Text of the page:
Journal of cellular physiology

Endocytosis and exocytosis of protein in capillary endothelium.

PMID 6430919


The transport of proteins across continuous capillary endothelium is believed to be mediated by micropinocytic vesicles which shuttle molecules between the lumenal and abluminal plasma membrane. We have studied the ability of capillary endothelial cells isolated from rat epididymal fat to endocytose fluorescently labelled ovalbumin within micropinocytic vesicles. Net association of fluorescent ovalbumin with endothelial cells reaches an equilibrium after 40 minutes of incubation. This equilibrium is presumably due to a balance between endocytosis and subsequent exocytosis of this protein. Capillaries equilibrated with fluorescent ovalbumin exhibited rapid exocytosis of this protein when it was removed from the external medium. The rate of endocytosis was concentration dependent and obeyed the kinetics expected for adsorptive phase endocytosis. High concentrations of ovalbumin stimulated the ingestion of 14C-sucrose, a marker of fluid endocytosis, suggesting that protein can affect the movement of vesicles within the endothelial cytoplasm. These results imply that capillary endothelium isolated from rat epididymal fat exhibits the ability to endocytose and subsequently exocytose protein. This demonstrates that the two components of endothelial vesicular transport or transcytosis can be observed and studied in a system of isolated capillary endothelium.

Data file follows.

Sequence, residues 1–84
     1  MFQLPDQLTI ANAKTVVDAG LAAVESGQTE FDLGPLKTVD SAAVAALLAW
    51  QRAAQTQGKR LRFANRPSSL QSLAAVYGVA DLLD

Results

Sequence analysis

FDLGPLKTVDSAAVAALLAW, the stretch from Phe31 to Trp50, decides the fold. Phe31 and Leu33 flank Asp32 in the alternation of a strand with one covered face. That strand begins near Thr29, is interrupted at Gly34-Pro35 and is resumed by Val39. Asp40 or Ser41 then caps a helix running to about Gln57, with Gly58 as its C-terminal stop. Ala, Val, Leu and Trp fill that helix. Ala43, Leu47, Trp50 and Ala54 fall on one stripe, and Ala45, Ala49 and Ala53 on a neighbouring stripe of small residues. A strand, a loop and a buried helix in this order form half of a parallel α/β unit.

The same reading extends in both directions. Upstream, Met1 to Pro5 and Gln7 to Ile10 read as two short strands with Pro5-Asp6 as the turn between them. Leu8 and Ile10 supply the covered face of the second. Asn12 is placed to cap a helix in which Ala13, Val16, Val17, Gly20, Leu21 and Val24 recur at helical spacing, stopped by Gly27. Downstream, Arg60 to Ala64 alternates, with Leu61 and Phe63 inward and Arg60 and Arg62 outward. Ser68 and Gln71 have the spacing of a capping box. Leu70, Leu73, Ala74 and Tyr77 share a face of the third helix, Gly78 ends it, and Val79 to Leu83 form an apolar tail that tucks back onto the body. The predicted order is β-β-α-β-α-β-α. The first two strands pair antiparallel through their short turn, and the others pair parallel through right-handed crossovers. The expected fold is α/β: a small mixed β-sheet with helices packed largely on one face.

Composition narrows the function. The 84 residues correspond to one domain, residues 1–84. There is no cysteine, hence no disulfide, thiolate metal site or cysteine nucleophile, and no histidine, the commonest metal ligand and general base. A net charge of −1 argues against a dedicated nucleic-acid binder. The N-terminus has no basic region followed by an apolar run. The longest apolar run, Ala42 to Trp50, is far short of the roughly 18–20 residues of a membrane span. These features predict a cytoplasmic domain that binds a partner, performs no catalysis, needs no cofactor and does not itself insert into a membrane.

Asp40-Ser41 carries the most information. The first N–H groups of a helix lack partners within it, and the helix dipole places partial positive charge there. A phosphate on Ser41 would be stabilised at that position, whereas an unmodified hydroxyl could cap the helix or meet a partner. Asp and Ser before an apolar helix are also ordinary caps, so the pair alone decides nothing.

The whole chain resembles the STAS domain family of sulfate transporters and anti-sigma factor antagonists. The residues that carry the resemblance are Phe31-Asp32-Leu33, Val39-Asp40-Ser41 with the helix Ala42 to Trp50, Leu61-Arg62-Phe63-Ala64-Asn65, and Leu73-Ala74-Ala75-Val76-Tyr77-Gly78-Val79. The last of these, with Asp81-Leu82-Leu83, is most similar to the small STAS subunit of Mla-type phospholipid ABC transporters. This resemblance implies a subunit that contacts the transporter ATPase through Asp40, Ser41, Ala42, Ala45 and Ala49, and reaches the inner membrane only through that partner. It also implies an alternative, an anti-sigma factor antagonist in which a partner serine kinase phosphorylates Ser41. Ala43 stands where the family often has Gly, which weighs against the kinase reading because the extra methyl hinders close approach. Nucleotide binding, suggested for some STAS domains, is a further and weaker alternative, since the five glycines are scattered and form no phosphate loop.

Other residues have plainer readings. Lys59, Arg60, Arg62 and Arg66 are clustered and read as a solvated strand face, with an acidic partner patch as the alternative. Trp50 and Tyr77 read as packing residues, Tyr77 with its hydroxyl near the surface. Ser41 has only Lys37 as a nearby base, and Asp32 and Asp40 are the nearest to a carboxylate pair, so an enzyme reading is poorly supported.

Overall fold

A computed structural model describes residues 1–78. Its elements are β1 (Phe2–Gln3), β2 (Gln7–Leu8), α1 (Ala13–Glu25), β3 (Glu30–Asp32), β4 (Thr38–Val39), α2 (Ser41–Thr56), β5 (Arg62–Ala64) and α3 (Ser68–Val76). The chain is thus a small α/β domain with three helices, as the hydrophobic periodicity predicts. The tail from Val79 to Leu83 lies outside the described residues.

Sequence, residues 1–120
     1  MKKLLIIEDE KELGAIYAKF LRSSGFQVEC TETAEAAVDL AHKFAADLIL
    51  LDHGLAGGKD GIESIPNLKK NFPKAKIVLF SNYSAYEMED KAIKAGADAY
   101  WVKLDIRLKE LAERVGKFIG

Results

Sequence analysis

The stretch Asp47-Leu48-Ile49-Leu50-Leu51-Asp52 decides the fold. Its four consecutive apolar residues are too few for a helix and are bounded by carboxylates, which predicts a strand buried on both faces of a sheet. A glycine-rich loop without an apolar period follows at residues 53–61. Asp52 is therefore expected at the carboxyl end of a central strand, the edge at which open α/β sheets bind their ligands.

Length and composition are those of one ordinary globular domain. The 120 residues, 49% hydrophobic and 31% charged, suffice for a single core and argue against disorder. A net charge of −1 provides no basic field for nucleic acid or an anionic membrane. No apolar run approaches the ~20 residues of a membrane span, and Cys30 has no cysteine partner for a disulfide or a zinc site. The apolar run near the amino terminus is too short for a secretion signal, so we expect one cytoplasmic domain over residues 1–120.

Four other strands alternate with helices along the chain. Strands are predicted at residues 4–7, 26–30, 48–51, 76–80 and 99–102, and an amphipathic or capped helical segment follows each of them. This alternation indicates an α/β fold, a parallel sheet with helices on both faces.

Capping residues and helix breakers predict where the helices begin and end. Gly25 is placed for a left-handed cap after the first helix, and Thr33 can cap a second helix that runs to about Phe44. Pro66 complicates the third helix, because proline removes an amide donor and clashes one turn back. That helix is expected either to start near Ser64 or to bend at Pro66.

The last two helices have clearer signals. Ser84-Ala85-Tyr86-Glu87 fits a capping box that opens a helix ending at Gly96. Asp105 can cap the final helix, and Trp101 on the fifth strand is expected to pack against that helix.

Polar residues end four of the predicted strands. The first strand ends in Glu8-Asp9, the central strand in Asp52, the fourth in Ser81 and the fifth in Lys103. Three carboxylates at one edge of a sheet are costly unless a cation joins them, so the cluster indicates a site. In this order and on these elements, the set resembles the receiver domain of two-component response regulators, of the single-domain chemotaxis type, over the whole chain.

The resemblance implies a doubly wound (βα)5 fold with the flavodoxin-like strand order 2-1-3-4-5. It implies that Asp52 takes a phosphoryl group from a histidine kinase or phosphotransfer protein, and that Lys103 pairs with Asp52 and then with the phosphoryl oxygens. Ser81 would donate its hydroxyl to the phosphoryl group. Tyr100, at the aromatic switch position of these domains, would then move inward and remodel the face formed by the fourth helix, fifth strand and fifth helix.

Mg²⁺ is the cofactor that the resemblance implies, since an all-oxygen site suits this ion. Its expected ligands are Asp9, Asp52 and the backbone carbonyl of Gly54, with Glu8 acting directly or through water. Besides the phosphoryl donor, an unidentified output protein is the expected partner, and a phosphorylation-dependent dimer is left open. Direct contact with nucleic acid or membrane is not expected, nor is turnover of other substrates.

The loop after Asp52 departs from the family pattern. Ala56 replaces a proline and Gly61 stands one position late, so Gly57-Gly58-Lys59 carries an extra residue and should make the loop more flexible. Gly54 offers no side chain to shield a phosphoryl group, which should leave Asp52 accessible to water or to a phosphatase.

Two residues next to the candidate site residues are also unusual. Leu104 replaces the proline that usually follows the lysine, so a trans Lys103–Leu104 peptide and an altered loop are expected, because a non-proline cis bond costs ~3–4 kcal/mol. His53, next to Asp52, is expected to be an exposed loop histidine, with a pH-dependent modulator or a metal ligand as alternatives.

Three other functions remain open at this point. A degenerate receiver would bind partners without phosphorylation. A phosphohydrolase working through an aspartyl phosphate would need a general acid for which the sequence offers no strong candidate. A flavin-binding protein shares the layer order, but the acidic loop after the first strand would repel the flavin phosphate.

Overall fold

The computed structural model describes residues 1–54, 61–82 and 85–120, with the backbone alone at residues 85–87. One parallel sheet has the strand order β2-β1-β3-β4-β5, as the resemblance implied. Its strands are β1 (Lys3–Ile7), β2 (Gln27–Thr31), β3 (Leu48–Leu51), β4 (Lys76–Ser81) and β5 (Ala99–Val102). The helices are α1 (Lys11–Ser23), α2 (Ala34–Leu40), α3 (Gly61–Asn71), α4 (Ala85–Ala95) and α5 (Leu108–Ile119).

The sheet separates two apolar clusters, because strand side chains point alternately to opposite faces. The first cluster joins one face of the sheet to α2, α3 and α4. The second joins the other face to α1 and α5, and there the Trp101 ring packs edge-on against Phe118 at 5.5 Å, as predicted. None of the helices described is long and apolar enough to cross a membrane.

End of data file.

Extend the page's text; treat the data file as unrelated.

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2-Methoxy-2,4-diphenyl-3(2H)-furanone, suitable for fluorescence, ≥98.0% (HPLC)